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Between Coats When Air Brushing

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  • Between Coats When Air Brushing

    I am going to be painting a car next week and wonder what to do with the air brush between coats?
    Do I take it apart and do a full wash or just blast it clean with air pressure and no paint spraying?

  • #2
    Depends on what paint you are using and how long between costs.
    I use Auto Acrylic and usually about 1 hour between costs.
    So I remove the paint bottle, spray thinners thru the brush, and cap the spray bottle.
    I am using Badgers,so the bottle is easily removed.


    • #3
      Like PK said above, "What's the plan?" Knowing your recoat interval is kinda important. They are not all the same. For maintenance, I use the "better safe than sorry method". I base it on time, and err to the side of caution.

      I flush between coats for materials that have a quick (minutes) flash time for recoats. Like lacquer, catalyzed urethanes, or acrylics. You're working wet on a permeable semi wet paint film membrane, so the material never has time to set up in the rig

      Enamels are a grab bag, so you have to be careful about the recoat interval. Extended recoat means you cant let it sit in your rig. It'll say on the can/jug. If you dont, the semi cured membrane on the workpiece will wrinkle up, we've all been there at one point or another, ugh.

      Otherwise for any materials with extended flash or cure times, clean the rig between color changes, The last thing you want is a chunk of semi cured particulate from the last stage making through the nozzle and into your current stage. Flushing does not remove the minute particulate that accumulates in the passages of your rig, between uses. It might not get you today or tomorrow but it will get ya.

      Always clean before you shoot clear, especially two stage base metallic/clear jobs. You dont want any unplanned ghost effects randomly hanging or tinting in your clear. Typically metallics will cling in the guns passages while the pigment is flushed away, it can get loose if not cleaned out. Rogue metallic can appear as an irregular metallic flare in your clear on an otherwise perfect job.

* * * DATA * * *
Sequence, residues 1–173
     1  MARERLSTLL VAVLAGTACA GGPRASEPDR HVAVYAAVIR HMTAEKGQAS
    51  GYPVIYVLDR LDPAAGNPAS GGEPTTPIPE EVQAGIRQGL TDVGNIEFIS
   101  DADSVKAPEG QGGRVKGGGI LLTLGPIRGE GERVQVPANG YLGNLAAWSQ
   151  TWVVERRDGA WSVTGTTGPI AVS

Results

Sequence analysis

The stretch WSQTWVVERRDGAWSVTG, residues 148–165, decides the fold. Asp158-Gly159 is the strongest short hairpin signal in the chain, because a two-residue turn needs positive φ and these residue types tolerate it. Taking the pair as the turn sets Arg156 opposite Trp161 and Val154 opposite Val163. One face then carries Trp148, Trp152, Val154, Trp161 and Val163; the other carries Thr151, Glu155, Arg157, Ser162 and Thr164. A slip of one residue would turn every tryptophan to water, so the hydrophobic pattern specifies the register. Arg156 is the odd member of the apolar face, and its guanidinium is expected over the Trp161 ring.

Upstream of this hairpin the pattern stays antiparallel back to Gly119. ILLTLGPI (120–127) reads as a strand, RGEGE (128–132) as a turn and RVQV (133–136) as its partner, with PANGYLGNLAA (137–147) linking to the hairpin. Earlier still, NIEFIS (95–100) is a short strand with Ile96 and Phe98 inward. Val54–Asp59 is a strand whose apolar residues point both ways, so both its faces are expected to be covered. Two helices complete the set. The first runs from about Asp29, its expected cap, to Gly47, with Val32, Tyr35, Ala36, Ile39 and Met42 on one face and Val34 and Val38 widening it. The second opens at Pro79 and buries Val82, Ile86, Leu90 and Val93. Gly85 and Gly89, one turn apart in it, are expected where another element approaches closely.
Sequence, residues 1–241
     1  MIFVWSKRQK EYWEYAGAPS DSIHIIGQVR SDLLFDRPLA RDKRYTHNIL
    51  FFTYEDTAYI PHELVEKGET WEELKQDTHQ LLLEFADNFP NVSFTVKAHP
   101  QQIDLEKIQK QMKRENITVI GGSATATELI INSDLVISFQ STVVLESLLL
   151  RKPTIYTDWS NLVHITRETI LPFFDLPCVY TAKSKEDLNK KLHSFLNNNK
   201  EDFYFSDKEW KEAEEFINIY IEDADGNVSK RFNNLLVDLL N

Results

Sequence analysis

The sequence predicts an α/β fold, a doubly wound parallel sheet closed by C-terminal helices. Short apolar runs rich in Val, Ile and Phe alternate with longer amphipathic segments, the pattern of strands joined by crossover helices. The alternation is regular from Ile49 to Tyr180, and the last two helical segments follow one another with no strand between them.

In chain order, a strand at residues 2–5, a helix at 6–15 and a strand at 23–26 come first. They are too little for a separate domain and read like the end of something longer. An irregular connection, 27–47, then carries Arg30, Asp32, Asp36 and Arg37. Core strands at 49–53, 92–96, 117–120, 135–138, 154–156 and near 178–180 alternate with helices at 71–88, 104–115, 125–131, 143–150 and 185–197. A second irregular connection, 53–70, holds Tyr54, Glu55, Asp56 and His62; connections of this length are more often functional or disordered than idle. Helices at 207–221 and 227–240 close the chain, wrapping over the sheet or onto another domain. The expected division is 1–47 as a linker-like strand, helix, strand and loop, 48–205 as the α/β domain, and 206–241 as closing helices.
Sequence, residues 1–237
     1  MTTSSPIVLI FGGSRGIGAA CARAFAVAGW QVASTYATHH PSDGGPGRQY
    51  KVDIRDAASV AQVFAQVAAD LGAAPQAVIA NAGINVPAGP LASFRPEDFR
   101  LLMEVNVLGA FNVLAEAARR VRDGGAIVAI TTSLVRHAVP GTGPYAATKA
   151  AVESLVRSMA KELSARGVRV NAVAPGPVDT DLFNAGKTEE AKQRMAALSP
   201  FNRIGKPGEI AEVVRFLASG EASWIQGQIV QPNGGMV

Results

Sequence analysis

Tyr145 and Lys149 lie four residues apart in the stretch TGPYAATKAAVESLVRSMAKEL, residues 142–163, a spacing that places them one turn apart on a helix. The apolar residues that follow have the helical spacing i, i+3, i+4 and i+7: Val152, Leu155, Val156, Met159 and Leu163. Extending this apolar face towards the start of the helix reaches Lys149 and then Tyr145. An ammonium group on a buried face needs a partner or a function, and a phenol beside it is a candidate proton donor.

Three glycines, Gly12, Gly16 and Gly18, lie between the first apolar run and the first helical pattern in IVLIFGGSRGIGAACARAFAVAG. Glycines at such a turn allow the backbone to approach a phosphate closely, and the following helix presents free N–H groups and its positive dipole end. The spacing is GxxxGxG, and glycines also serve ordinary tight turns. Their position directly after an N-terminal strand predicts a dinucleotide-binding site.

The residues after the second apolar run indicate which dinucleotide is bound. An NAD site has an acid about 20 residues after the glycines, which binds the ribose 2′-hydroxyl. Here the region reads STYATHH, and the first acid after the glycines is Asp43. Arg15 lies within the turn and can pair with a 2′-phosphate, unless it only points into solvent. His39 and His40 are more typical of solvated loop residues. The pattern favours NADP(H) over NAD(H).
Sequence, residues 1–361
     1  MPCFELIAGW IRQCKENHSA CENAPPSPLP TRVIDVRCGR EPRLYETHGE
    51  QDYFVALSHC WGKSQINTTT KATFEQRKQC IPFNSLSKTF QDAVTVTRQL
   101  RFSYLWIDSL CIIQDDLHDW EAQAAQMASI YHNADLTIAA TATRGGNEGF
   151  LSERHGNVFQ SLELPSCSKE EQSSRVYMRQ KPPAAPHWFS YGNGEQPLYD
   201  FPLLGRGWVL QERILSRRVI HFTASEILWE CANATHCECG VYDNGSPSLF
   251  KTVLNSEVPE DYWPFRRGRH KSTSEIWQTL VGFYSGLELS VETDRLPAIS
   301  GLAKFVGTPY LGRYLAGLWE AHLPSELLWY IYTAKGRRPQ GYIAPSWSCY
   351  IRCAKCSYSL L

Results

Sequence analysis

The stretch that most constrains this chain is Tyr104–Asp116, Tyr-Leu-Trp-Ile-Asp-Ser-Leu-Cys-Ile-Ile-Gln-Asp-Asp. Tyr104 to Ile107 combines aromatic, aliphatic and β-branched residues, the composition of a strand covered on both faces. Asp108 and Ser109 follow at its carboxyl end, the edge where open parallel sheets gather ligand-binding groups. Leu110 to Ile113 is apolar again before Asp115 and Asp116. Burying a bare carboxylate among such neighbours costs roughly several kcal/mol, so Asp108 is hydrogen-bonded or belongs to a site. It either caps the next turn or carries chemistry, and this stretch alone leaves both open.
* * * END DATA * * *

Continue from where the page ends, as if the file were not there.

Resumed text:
Murphys law dictates if anything can get loose it will, and the odds of it winding up on the hood or roof of your favorite new slot car is 100%!

      I could blather on indefinitely. Hope this helps!


      • #4
        Thanks guys. I am going to be spraying Tamiya non-metallic acrylic paints. They are all in the "X"series.
        Based on what you both say, better to flush the gun and cap the bottle, right?


        • #5
          A blastcthrough with window cleaner may me a quick and effective option, i use it to thin my tamiya acrylics and blow through the airbrush between coats and changing color.


          • #6
            Thanks for all this. Can you tell me approximately how many coats you apply?


            • #7
              Lots of good advice above. I like to use Testor's Enamel or Testor's Model Master Enamel - not the acrylic - and flush after a session with acetone. I use a spray booth and vent the fumes out a basement window for both the painting and acetone flushes. Paint thinner (from the hardware store works OK, but the acetone gets anything that dries in the airbrush to re-dissolve and blow out. And it seems to dry quickly so I haven't had a problem with acetone contaminating the paint at the next application.

              If I can, I try and plan to do at least a couple of things in the same color so I can paint one, move it to a protected, covered place to dry and paint the second while the first is drying. If the coats are not too thick, I can get back to the first item and repeat the process without having to do a full clean on the airbrush. Obviously that saves a bit of time and effort for other things.


              • #8
                Originally posted by s.o.f. View Post
                Thanks for all this. Can you tell me approximately how many coats you apply?
                That will depend on what sort of paint I'm using. If it's automotive enamels or rattle can it will depend on how well it covers what's underneath. I give an hour between coats (so it can turn into an all or couple days affair).

                If I'm shooting alkyd lacquers 15 to 20 minutes between coats. Flashover for Lacquer is much faster than enamels, but the coats go on thinner than enamel, so you'll need more coats.

                The key thing is to have an absolutely clean surface to start with. I use Dawn dish soap as a degreaser which works a treat. Also, it's imperative that you use the same brand of paint from primer to clear coat. The only caveat to that is if you're using Lacquer for primer or lacquer for primer and paint, you can use enamel over it. Using lacquer over enamel is a HUGE NO, NO.

                As for decals I've had issues with alcohol-based enamels as recently as yesterday. To alleviate this I have found either using a number of "fog" or very light coats prior to shooting a light-medium coat or three of clear. Another thing that seems to work is painting the decals with water-based latex clear and a brush before shooting the clear enamel...

                Shot with alkyd lacquer color and primer, fog coats of Duplicolor clear enamel over decals

                Shot with rattle can Duplicolor primer, black, silver and clear over decals.

                BTW, I use an Iwata airbrush with compressor set for 20 lbs PSI. I also have a moisture trap between the compressor and the airbrush.

                Last edited by greenman62; 02-21-2017, 08:52 PM.